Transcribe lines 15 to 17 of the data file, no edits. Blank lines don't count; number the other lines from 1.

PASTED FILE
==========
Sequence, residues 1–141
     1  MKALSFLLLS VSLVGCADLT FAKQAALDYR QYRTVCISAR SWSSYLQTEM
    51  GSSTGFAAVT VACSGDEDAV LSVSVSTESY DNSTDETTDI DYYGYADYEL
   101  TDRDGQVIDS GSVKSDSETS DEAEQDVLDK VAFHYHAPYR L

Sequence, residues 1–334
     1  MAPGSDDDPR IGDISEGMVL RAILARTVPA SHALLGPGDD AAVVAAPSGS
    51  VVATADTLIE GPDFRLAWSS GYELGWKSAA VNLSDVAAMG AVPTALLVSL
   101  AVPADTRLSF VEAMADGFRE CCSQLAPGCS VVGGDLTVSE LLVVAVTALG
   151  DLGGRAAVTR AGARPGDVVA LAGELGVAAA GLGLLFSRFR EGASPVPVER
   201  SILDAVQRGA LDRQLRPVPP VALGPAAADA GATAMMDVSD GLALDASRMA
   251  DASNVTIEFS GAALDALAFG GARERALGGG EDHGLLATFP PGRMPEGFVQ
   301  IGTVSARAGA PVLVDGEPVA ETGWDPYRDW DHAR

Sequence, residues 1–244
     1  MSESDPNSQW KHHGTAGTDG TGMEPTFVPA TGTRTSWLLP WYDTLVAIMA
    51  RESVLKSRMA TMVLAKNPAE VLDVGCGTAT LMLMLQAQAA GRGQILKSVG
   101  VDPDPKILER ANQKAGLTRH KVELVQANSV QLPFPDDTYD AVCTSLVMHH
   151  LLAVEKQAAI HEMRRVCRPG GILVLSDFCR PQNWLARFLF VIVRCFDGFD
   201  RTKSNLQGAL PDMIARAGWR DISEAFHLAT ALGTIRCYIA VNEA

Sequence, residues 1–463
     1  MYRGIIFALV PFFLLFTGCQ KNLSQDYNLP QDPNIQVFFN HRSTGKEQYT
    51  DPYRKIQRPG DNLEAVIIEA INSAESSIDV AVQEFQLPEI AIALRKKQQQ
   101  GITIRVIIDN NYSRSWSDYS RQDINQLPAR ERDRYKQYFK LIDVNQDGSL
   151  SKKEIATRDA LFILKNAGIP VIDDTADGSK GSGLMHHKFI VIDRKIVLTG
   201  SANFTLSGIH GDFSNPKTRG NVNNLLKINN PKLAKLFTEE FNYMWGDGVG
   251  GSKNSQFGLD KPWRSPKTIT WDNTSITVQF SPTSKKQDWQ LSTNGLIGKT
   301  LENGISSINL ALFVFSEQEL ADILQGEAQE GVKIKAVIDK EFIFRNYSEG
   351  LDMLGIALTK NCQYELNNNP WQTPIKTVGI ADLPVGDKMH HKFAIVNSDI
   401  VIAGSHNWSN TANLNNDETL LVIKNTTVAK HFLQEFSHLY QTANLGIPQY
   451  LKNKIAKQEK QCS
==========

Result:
    51  RESVLKSRMA TMVLAKNPAE VLDVGCGTAT LMLMLQAQAA GRGQILKSVG
   101  VDPDPKILER ANQKAGLTRH KVELVQANSV QLPFPDDTYD AVCTSLVMHH
   151  LLAVEKQAAI HEMRRVCRPG GILVLSDFCR PQNWLARFLF VIVRCFDGFD